Music Reviews

Artist: Bushman's Revenge
Title: Et Hån Mot Overklassen
Format: 2 x 12" vinyl
Label: Hubro
In attempting to represent “A Mocking Overclass” or “A Mockery Of The Upper Class” (two alternative translations which in a way mean quite different things), Norwegian multi-instrumentalist trio Bushman’s Revenge offer up a broad palette of instrumental music that spans prog rock, experimental jazz, and to a slightly lesser extent, contemporary experimental and electronics as well. It comprises ten quite distinct pieces, that showcase the trio in more conventional drums-bass-guitar arrangements but also leave room for plenty of the more esoteric noises and found sounds- and even the odd dash of Wurlitzer.

Of the above labels, prog rock is the closest fit. Tracks like “Happy Hour For Mr. Sanders” are energetic prog to the core, it oozes the indulgences of the 1970’s in both its virtuosity and its skittish groove, while “A Bottle A Day keeps The Wolves At Bay” is a prime example of the more tripped-out and meandering swagger of the genre. “Toten” could stand its ground if squeezed onto a Pink Floyd or King Crimson album, “Hei Hei Martin Skei” ticks the obligatory ‘very long track’ boxes at 14 minutes of relaxed melodic and more jazzy noodling, while “Greetings To Gisle” brings the drums to the fore initially before, two minutes in, breaking out into a very coherent funk groove.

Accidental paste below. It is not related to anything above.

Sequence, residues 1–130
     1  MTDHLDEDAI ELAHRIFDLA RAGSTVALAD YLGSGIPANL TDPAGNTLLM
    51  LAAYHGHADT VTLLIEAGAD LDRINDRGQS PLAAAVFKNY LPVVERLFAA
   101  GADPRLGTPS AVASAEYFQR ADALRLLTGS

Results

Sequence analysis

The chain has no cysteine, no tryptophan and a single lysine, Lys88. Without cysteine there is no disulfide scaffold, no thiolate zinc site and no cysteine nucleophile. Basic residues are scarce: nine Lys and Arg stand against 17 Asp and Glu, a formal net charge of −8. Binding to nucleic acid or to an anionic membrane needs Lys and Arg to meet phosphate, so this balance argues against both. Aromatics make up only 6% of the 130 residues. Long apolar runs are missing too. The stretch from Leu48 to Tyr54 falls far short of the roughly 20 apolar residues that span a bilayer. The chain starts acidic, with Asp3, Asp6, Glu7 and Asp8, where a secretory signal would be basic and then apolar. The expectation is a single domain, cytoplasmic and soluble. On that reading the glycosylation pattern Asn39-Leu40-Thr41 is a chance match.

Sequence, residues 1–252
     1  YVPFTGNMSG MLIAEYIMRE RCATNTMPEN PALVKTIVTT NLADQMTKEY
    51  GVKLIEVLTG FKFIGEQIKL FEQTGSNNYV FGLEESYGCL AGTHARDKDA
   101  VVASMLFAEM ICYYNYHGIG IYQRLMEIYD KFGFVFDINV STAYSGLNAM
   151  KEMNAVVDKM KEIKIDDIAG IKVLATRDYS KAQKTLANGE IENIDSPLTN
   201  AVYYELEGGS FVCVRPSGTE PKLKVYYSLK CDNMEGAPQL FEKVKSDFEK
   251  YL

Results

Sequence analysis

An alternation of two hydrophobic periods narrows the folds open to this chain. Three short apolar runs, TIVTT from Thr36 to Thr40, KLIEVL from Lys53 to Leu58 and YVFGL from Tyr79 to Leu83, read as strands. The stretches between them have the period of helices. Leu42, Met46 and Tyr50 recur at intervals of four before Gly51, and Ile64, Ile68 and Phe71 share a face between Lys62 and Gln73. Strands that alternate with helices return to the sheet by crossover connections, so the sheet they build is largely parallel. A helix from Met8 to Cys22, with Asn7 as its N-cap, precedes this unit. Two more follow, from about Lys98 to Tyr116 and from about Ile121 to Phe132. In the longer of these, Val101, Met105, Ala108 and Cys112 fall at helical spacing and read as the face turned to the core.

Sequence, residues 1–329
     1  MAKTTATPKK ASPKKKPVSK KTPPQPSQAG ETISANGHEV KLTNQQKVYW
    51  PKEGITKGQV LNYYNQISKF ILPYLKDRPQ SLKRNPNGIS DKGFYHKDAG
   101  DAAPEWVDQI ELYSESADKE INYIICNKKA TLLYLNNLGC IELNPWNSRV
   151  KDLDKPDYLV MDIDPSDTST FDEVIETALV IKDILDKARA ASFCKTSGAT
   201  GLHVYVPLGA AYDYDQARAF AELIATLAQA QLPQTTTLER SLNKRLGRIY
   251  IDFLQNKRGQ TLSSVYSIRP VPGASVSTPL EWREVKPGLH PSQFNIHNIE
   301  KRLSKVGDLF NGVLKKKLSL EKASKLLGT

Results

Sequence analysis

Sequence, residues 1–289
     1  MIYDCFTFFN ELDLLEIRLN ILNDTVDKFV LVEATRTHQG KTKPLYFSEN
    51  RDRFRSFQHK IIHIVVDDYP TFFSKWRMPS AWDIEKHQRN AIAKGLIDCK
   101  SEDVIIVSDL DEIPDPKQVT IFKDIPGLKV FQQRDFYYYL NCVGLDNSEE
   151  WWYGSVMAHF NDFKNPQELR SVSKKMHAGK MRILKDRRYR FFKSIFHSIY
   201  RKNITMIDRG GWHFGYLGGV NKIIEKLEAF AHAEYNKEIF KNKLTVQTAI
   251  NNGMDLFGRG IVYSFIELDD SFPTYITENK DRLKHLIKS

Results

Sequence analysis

A greater breadth is on show though in tracks like “The Curious Case Of The Resting Blue Steel Face”, a rhythmless ambient drone layering that’s more relaxed yet also more than a little bit sinister. Despite its title “Ladies Night At The Jazz Fusion Disco” is similar too, not even remotely disco and only jazz in the most extremely broad sense, but with sitar-like drone noises that give a more Eastern-sounding flavour.

At times the anti-upper class theme is hard to spot, but- perhaps unintentionally- opening track “Sly Love With A Midnight Creeper” does sound like lift music from a very posh hotel, but with seedy undertones.

It’s another strong and fresh-sounding update of arguably old genres from the reliable Hubro label, and while I don’t think the upper class will be trembling in their boots or sobbing into their champagne as a consequence, it can still be considered a musical success.

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